Treats for Tricks. Teach the old dog new tricks using healthy treat rewards. Make treats smelly so he won’t have to strain old eyes to see.
Give A Challenge. Puzzle toys that dispense treats turn meals into fun games. For food fanatics, puzzle toys encourage activity and brain-teasing challenges that exercise problem-solving abilities.
But when a special dog reaches senior citizenship, we treasure our time together even more. My first GSD lived just over 13 years, and Magical-Dawg barely made it to eleven before we lost him. Keeping your dog mentally active helps keep dogs connected with life—and us. And that ensures their golden years sparkle.
How do you keep your older dog’s brain nimble? Are there special games or activities that you enjoy doing together? In one of my thrillers, a tracking dog still has the “nose” despite his age—and I based that on an interview with a tracking dog Bloodhound (profiled in the Aging Dog book) who continued to track even though he’d gone blind! Of course, you can find all the must-knows about old dog care in the book. But many tips are common sense–please share!
Is Your Puppy Chewing? Here’s 8 Tips How To Stop Dog Chewing
Chewing is normal behavior for dogs—and for some cats. You can’t stop dog chewing, and shouldn’t try. Puppies and kittens test their world the same way human infants do. Everything goes into the mouth. Teething youngsters chew objects to relieve the discomfort, but adult dogs rarely outgrow the habit the way (we hope!) people do.
Yep, Bravo also liked to chew the wood on furniture, yikes!
I last wrote about canine chewing when Bravo came to live with us as a new pup. He chewed everything within reach (Oh, my poor coffee table!), including chew toys. We still have Magic-markers on the baseboard and plaster from our last beloved dog. Now we have to re-do flooring in the laundry room, courtesy of Bravo-Dawg.
These days, we THINK we have a handle on Shadow-Pup. We have to really watch him, though, because Shadow likes to chew sticks–yikes!–and has already got one piece caught across the roof of his mouth. When you have a baby-dawg, or even adult canines, it can be a constant struggle to monitor them for safe chewing.
French bulldog puppy chewing on pair of red running shoes–strings are particularly dangerous if swallowed!
Dog chewing is a fact of life and learning how to stop puppy chewing can save your relationship, and sanity. If you have a new puppy, or even an adult dog with a chew -aholic habit, a primer on chewing basics may be welcome about now!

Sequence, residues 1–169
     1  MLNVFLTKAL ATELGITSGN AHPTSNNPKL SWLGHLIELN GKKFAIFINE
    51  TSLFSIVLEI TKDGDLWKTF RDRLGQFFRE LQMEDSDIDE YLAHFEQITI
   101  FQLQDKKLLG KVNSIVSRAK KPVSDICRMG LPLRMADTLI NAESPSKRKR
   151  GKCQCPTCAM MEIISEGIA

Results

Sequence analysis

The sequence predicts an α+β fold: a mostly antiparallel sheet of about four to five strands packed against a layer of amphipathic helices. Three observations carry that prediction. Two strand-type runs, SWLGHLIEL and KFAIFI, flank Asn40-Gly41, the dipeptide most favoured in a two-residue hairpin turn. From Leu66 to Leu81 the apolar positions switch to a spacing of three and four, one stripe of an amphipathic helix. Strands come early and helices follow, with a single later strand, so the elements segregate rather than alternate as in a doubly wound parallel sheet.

Puppies begin chewing very early in life. It helps those baby teeth come in, and later, feels good when the permanent teeth erupt. But even adult dogs chew for recreation. It just feels good! Learn more about puppy development here.
These Jack Russell Terriers are like many pets who love to unroll the TP.
What’s the worst thing your dog ever chewed up and destroyed? Some items may seem funny–like stealing socks–until Monster Pup eats it and it takes emergency surgery to get it out. Our first dog chewed my husband’s brand new steel toed work boots that had cost a mint–not funny. And Magic left teeth marks on the windowsills. I call them Magical-Markers! Urk.
This Rhodesian Ridgeback puppy loves army boots.
How To Stop Puppy & Dog Chewing Behavior
You can’t stop puppy chewing because it’s normal dog behavior. Puppies don’t chew your prized possessions because they’re mad at you. They instinctively use teeth the way human babies reach out with tiny fists. Your puppy chews to explore the world, to manipulate objects, to relieve boredom, and because it feels good.
Destructive chewing still makes owners howl. Years ago I hobbled for weeks when my pup gnawed a quarter inch off just one of my high heels.
He also chomped my husband’s favorite property—the TV remote. He targeted items that smelled like us to feel closer to us, and soothe puppy loneliness, but we still didn’t appreciate the compliment!
Cocker spaniel puppy chewing on christmas ornaments under tree can prove very dangerous when decorations get swallowed.
Dog Chewing Dangers